Justice After Guantanamo
The White House still thinks the end justifies the means in trying suspected terrorists
The Los Angeles Times
August 4, 2006
Thanks to pressure from military lawyers and Republican lawmakers with experience in the armed forces, the Bush administration seems to have abandoned its position that Congress should simply rubber-stamp whatever procedures the president deems sufficient to try suspected terrorists at Guantanamo.
New draft legislation to bring the military commissions established by the administration into compliance with a Supreme Court decision borrows heavily from the Uniform Code of Military Justice.
That's the good news. The bad news is that on some issues - particularly the use of hearsay and evidence obtained by coercive or inhumane interrogation - the administration still clings to the notion that the end justifies the means.
Fortunately, Republicans such as Sens. John McCain of Arizona, a onetime Vietnam prisoner of war and torture victim, and Lindsey Graham of South Carolina, a military lawyer, put the administration on notice this week that, if it cuts too many corners in its proposals for military tribunals, Congress will push back - not out of a soft-hearted solicitude for enemies of this country but because mistreatment of prisoners held by the United States could come back to haunt members of the U.S. military.
In ruling in June that President Bush's rules for military commissions were illegal, the Supreme Court did more than ask Congress to add its approval to Bush's proposals. The court made it clear that, under the Geneva Convention, detainees must be tried by "a regularly constituted court, affording all the judicial guarantees which are recognized as indispensable by civilized peoples."
The court didn't insist that every clause of the Uniform Code of Military Justice apply to detainees. But it warned that any departure from rules used in courts-martial would have to be "tailored to the exigency that necessitates it." To ensure that the court doesn't again force Congress to return to the drawing board, procedures for military commissions should hew closely to court-martial rules. That means defendants should be able to attend their trials and see the evidence against them. It also means that military judges shouldn't be allowed to admit evidence obtained through coercion or what the Geneva Convention calls "humiliating and degrading treatment."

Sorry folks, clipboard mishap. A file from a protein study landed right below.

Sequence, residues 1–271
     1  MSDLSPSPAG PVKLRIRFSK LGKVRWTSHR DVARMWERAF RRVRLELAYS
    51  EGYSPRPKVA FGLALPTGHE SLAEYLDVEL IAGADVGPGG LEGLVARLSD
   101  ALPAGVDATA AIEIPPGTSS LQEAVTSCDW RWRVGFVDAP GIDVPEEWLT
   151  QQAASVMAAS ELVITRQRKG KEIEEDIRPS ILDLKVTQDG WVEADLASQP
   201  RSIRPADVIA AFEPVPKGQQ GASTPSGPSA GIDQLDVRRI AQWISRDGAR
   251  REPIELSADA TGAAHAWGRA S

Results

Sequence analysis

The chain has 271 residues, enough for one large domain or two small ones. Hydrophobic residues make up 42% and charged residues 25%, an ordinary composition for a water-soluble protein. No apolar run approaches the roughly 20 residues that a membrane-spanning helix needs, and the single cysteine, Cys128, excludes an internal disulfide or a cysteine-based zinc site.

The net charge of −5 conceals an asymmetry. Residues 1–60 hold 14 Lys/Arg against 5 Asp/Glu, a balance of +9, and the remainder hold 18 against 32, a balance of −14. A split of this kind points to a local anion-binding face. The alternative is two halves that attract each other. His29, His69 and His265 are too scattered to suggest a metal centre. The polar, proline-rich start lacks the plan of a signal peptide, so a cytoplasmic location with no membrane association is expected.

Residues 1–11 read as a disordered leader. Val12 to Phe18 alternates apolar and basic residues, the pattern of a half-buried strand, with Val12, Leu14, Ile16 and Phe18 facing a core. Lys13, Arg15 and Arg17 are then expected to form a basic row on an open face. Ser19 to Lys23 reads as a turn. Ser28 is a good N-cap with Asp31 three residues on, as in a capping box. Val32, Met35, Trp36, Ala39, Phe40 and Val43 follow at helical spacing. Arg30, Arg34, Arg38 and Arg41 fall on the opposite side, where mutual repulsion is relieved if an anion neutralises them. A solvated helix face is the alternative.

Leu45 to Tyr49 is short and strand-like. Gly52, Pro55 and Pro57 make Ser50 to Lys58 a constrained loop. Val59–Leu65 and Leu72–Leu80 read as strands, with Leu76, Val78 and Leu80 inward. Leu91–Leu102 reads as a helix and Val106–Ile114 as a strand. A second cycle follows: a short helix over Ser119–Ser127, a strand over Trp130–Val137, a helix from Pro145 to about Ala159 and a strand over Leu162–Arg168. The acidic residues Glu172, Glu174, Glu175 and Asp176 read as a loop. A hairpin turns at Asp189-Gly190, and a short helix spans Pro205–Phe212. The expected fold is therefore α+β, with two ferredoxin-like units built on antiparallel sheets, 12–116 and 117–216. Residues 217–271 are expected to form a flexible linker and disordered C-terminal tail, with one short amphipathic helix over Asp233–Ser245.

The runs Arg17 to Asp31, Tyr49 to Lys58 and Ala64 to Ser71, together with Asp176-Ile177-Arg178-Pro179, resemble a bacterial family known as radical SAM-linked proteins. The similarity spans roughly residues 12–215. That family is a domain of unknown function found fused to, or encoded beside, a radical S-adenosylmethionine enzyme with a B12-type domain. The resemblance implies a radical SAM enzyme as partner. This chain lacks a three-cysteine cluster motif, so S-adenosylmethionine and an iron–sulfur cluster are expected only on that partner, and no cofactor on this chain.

Here the administration persists in playing word games. Asked by McCain whether statements elicited by "illegal, inhumane treatment" should be admissible, Atty. Gen. Alberto R. Gonzales paused 15 seconds and then replied: "I can foresee a situation where, depending on the definition, I would say no, but depending on your definition of something as degrading, such as insults or something like that, I would say that information should still come in."
Despite the embarrassment to the U.S. caused by abuses at Abu Ghraib and reports of tactics such as "waterboarding," the administration seems oblivious to the harm the United States does to itself by weakening its own commitment to due process and fair play. As McCain put it: "We must remain a nation that is different from, and above, our enemies."